#' in a nested function call, `lhs` will also be placed as the first argument!
#' The reason for this is that in most use-cases this produces the most readable
#' code. For example, `iris %>% subset(1:nrow(.) %% 2 == 0)` is
#' equivalent to `iris %>% subset(., 1:nrow(.) %% 2 == 0)` but
#' slightly more compact. It is possible to overrule this behavior by enclosing
#' the `rhs` in braces. For example, `1:10 %>% {c(min(.), max(.))}` is
#' equivalent to `c(min(1:10), max(1:10))`.
#' }
#'
#' \subsection{Using `%>%` with call- or function-producing `rhs`}{
#'
#' It is possible to force evaluation of `rhs` before the piping of `lhs` takes
#' place. This is useful when `rhs` produces the relevant call or function.
#' To evaluate `rhs` first, enclose it in parentheses, i.e.
#' `a %>% (function(x) x^2)`, and `1:10 %>% (call("sum"))`.
#' Another example where this is relevant is for reference class methods
#' which are accessed using the `$` operator, where one would do
#' `x %>% (rc$f)`, and not `x %>% rc$f`.
#' }
#'
#' \subsection{Using lambda expressions with `%>%`}{
#'
#' Each `rhs` is essentially a one-expression body of a unary function.
#' Therefore defining lambdas in magrittr is very natural, and as
#' the definitions of regular functions: if more than a single expression
#' is needed one encloses the body in a pair of braces, \code{\{ rhs \}}.
#' However, note that within braces there are no "first-argument rule":
#' it will be exactly like writing a unary function where the argument name is
#' "`.`" (the dot).
#'
#' }
#' \subsection{Using the dot-place holder as `lhs`}{
#'
#' When the dot is used as `lhs`, the result will be a functional sequence,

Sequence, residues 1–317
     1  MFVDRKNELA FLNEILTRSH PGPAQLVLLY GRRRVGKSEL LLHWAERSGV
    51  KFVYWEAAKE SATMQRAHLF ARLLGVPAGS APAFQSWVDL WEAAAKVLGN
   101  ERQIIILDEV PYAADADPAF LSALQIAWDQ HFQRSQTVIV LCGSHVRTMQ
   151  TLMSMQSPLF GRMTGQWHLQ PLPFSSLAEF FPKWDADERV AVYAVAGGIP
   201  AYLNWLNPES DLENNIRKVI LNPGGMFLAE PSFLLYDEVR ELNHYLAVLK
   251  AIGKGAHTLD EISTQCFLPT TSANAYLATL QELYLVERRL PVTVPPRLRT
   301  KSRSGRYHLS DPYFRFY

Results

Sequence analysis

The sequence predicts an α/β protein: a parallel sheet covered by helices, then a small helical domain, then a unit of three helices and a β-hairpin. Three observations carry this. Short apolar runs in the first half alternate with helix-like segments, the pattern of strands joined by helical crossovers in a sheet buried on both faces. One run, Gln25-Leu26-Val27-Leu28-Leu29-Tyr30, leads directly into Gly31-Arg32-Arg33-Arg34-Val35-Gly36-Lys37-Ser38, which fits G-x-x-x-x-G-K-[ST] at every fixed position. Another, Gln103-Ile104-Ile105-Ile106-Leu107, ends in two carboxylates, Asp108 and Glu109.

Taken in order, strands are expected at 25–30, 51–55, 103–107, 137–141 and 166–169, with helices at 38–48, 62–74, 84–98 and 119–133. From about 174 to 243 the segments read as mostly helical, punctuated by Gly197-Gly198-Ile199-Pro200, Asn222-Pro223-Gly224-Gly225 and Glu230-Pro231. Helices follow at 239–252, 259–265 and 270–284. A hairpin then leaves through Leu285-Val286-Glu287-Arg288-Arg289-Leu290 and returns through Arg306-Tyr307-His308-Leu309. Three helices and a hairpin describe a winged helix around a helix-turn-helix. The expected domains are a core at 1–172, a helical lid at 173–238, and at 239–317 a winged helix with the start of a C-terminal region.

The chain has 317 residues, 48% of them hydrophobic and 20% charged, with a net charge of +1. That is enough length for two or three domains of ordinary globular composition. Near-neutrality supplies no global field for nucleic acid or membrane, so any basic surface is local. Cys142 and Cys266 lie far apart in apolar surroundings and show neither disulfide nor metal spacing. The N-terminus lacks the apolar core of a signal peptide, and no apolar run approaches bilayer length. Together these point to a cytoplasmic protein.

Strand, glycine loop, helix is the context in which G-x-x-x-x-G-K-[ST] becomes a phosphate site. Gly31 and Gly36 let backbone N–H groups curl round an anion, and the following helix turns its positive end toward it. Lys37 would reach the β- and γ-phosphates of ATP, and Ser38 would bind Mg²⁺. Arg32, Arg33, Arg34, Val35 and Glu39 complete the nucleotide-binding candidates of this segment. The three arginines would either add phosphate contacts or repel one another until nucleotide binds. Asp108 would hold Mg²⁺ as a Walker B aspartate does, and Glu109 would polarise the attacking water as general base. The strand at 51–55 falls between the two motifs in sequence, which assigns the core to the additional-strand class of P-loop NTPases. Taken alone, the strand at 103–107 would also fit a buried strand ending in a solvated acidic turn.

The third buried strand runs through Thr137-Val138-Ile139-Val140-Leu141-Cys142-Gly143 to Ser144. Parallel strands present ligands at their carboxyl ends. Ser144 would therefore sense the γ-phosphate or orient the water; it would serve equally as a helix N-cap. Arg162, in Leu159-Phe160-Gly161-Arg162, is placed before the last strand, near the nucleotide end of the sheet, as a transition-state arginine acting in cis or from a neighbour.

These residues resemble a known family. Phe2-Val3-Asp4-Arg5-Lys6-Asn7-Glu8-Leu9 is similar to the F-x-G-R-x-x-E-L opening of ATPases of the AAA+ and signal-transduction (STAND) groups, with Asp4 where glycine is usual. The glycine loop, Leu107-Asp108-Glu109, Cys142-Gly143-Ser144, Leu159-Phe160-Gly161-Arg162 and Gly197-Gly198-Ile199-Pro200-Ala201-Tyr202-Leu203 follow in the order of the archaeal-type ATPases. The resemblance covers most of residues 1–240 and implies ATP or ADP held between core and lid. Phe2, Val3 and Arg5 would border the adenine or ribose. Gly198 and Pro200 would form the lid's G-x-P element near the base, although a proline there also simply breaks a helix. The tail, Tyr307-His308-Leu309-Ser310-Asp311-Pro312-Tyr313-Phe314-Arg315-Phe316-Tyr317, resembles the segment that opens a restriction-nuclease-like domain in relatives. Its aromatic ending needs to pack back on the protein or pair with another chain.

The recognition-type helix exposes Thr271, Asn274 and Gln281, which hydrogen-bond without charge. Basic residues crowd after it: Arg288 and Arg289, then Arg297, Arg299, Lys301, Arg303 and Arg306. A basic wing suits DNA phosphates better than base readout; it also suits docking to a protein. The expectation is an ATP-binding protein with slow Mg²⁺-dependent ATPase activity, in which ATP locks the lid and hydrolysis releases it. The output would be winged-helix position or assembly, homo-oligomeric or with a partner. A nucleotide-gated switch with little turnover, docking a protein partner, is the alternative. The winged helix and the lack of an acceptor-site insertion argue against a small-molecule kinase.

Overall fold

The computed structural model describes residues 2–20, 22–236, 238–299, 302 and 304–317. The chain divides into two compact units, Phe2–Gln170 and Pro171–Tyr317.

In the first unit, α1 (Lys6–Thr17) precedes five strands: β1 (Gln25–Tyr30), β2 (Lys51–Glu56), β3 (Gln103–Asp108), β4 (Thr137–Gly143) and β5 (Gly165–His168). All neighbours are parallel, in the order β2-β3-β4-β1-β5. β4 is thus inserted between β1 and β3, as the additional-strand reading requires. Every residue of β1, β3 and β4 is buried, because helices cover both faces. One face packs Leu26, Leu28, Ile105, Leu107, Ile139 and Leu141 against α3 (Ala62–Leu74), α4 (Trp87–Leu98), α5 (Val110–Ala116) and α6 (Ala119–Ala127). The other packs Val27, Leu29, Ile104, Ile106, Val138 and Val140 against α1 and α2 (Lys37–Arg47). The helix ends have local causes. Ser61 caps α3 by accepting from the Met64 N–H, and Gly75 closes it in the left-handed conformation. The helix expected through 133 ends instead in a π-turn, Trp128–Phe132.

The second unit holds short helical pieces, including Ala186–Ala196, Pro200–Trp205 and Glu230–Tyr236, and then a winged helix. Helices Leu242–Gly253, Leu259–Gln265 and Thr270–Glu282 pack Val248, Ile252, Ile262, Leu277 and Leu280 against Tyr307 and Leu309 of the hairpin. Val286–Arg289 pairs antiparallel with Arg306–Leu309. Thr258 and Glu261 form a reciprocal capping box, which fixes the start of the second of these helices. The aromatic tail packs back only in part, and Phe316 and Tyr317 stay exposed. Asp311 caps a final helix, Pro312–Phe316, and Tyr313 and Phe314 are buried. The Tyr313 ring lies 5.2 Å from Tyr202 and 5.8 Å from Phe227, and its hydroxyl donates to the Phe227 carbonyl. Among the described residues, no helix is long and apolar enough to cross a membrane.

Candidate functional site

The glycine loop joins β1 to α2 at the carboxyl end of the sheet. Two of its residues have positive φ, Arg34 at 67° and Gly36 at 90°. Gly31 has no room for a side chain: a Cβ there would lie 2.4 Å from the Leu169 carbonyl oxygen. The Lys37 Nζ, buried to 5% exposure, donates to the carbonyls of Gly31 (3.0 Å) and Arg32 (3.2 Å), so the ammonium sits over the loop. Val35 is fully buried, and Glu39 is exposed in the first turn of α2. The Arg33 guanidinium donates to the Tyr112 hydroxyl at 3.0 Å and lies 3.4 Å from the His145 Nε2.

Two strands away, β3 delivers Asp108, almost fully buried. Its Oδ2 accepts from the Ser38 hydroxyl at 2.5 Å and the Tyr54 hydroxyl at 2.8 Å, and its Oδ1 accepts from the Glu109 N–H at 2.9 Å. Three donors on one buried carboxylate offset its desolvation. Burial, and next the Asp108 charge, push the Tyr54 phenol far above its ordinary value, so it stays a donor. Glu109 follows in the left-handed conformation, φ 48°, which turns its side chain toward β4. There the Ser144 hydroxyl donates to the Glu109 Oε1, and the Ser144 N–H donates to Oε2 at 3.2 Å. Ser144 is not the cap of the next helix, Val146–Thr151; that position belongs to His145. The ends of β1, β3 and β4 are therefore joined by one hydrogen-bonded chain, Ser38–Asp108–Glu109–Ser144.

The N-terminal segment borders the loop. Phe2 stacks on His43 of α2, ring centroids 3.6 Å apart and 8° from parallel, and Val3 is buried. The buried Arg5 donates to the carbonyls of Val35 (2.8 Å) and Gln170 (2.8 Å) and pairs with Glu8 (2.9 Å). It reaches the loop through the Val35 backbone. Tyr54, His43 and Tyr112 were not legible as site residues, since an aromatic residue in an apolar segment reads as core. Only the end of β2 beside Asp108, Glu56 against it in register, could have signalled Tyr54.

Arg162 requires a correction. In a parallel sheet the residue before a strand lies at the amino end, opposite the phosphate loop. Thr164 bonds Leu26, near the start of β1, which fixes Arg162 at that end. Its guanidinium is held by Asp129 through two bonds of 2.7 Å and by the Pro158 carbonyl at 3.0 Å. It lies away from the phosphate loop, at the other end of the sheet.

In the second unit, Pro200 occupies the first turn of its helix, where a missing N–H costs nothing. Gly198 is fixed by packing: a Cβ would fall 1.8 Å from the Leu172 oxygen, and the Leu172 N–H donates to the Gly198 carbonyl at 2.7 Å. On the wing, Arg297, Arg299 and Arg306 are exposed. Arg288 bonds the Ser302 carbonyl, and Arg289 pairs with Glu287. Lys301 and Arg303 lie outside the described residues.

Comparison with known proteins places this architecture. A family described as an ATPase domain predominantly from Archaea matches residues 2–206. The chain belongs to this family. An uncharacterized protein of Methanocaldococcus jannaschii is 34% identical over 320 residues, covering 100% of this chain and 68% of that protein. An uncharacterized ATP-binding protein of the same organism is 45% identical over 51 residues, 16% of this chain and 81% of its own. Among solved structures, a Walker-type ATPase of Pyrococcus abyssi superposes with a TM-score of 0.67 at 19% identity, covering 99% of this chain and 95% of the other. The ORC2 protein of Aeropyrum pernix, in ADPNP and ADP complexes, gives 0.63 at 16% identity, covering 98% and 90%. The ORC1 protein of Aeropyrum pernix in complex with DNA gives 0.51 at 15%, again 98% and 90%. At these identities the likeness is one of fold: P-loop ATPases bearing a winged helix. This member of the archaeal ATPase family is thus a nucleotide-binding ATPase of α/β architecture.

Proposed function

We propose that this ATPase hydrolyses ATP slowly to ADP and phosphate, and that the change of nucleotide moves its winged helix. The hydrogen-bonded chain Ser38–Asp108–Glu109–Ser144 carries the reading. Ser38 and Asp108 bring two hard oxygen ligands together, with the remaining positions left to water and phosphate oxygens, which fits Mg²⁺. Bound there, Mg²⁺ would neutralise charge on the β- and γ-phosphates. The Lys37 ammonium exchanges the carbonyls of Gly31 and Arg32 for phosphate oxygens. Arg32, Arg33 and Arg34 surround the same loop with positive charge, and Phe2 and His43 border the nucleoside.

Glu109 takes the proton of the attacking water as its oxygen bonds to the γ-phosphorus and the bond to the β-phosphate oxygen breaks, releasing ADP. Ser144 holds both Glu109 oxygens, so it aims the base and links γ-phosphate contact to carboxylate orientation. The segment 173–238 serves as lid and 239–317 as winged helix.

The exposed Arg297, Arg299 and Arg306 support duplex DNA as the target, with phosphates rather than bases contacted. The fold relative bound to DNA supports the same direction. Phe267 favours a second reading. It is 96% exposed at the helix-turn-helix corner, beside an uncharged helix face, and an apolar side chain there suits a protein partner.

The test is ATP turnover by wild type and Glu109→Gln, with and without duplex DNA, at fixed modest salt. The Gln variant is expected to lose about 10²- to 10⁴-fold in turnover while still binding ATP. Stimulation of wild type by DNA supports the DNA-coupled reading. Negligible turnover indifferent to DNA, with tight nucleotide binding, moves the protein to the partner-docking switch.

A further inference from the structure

#' i.e. a function which applies the entire chain of right-hand sides in turn
#' to its input. See the examples.
#' }
#'
#' @section Technical notes:
#' The magrittr pipe operators use non-standard evaluation. They capture
#' their inputs and examines them to figure out how to proceed. First a function
#' is produced from all of the individual right-hand side expressions, and
#' then the result is obtained by applying this function to the left-hand side.
#' For most purposes, one can disregard the subtle aspects of magrittr's
#' evaluation, but some functions may capture their calling environment,
#' and thus using the operators will not be exactly equivalent to the
#' "standard call" without pipe-operators.
#'
#'
#' Another note is that special attention is advised when using non-magrittr
#' operators in a pipe-chain (`+, -, $,` etc.), as operator precedence will impact how the
#' chain is evaluated. In general it is advised to use the aliases provided
#' by magrittr.
#'
#' @seealso \code{\link{\%<>\%}}, \code{\link{\%T>\%}}, \code{\link{\%$\%}}
#'
#' @examples
#' # Basic use:
#' iris %>% head
#'
#' # Use with lhs as first argument
#' iris %>% head(10)
#'
#' # Using the dot place-holder
#' "Ceci n'est pas une pipe" %>% gsub("une", "un", .)
#'
#' # When dot is nested, lhs is still placed first:
#' sample(1:10) %>% paste0(LETTERS[.])
#'
#' # This can be avoided:
#' rnorm(100) %>% {c(min(.), mean(.), max(.))} %>% floor
#'
#' # Lambda expressions:
#' iris %>%
#' {
#' size <- sample(1:10, size = 1)
#' rbind(head(., size), tail(., size))